Penguins’ Slovenian prospect Jan Drozg has game that translates |

Penguins’ Slovenian prospect Jan Drozg has game that translates

Chris Adamski
Jan Drozg

A Slovenian native who played as a teenager in Sweden and major junior hockey in Quebec, Jan Drozg’s path to the Penguins already has included playing in four countries by age 19.

Perhaps more telling, it also has taken him through four languages.

Through it all, Drozg’s English is strong enough he’s more than capable of carrying on a conversation. Something that translates perfectly? Drozg’s flair for playmaking.

It belies his status as a fifth-round pick (in 2017 by Penguins) – likely in part because as a Slovenian, Drozg slid under the proverbial radar.

“The biggest sport (in Slovenia) is soccer. It’s the No. 1 sport, like hockey in Canada,” Drozg said after a practice at Penguins development camp this week. “Hockey is not the biggest sport, but we are trying, and I think we do pretty good.”

While hockey isn’t the No. 1 priority in this south-central European former Yugoslavian state, Drozg is quick to defend Slovenia’s hockey bona fides.

“We made the Olympics, and we have had NHL players.”

Yes, Slovenia not only qualified for the Olympics, it also beat the United States at the Pyeongchang Games in February. And while the all-time NHL roster of Slovenians is short, it does include one of the game’s best all-around players, two-time Stanley Cup champion Anze Kopitar of the Los Angeles Kings.

Drozg is looking to follow in the footsteps of Kopitar and fellow countryman Jan Mursak (who played for the Detroit Red Wings from 2011-13) by making it to the NHL, no small task for a player who was playing for Hokejski Klub Celje in his homeland just three years ago.

“It is a big jump, and the language barrier is a tough part,” Penguins director of player development Scott Young said. “He’s a tremendously skilled player. The fact that he was (most recently) playing in Shawinigan, which is French-speaking, just adds complications to the whole situation.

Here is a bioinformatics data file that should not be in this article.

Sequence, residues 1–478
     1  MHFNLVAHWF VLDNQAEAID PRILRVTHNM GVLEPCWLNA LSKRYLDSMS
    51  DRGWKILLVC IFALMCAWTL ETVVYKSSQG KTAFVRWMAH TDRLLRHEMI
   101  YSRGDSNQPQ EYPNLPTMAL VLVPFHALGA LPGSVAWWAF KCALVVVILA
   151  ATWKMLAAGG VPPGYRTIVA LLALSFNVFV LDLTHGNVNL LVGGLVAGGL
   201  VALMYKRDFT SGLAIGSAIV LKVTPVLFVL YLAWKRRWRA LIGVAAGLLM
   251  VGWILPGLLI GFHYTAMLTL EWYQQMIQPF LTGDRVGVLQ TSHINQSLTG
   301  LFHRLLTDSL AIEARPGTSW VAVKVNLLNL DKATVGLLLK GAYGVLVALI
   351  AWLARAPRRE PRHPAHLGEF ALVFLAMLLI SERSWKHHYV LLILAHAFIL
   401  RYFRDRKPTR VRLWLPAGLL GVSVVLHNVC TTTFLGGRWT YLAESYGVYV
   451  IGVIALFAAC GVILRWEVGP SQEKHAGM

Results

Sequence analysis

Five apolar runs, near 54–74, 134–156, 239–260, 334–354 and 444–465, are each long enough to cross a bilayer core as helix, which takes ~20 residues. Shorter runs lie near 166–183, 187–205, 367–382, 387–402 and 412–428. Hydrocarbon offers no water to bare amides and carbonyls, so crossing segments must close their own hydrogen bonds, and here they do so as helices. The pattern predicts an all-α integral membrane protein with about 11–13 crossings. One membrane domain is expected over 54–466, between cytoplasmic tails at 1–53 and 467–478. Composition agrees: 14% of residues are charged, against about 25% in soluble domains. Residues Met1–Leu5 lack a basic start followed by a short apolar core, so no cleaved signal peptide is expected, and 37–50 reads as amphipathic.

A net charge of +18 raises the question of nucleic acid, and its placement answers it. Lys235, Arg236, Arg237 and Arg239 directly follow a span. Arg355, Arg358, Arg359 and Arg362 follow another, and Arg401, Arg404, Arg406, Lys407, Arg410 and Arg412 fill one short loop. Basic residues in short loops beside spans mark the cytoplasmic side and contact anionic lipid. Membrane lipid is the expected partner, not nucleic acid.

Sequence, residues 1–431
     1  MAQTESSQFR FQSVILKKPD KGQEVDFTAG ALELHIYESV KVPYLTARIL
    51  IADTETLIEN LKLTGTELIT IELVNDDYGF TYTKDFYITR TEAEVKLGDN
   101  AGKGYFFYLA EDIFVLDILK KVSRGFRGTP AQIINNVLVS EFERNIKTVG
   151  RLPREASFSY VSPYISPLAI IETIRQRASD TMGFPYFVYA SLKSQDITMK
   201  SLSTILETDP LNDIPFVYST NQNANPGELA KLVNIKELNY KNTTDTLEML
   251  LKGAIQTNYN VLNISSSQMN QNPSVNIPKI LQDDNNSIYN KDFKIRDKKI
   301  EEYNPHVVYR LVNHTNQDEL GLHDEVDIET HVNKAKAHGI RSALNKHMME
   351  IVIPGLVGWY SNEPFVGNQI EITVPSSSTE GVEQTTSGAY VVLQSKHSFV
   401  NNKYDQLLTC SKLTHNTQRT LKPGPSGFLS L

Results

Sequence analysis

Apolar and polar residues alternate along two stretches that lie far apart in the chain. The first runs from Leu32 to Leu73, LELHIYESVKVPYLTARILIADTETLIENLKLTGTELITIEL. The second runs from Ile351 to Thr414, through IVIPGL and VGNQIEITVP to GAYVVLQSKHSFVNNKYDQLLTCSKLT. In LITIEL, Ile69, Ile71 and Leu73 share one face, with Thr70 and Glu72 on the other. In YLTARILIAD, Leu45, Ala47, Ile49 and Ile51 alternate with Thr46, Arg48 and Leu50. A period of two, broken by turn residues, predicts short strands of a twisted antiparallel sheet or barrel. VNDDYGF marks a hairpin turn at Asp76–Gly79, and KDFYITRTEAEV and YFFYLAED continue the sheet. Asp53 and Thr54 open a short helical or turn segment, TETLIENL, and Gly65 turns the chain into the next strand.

“We have high hopes for him. And the more that he’s over here and gets past that language barrier, it’s going to be a lot easier for him in the transition.”

Drozg (native language: Slovene) spent two seasons playing in Sweden (official language: Swedish), where he raised the eyebrows of Penguins European scouts. After being drafted by the Penguins, he moved on to the Quebec Major Junior Hockey League (dominant language: French) and earned a brief call-up to the AHL Penguins in Wilkes-Barre (where, of course, English is spoken).

“Sometimes it’s been tough to understand, and it can be hard,” Drozg said. “I don’t know so much English yet. It’s not perfect, but I’m getting better.”

Without the aid of a translator, Drozg clearly understood a reporter’s questions. And after an age-18 season in which he put up 50 points in 61 QMJHL games, Drozg had no trouble getting across the message of how pleased he was to be at the Penguins development camp.

“I’m so happy to be here and be a part of this organization,” Drozg said. “You learn so much not only on the ice but off the ice also. I’m learning how to be a pro player and how to represent myself as a pro.”

Chris Adamski is a Tribune-Review staff writer. Reach him at [email protected] or via Twitter @C_AdamskiTrib.

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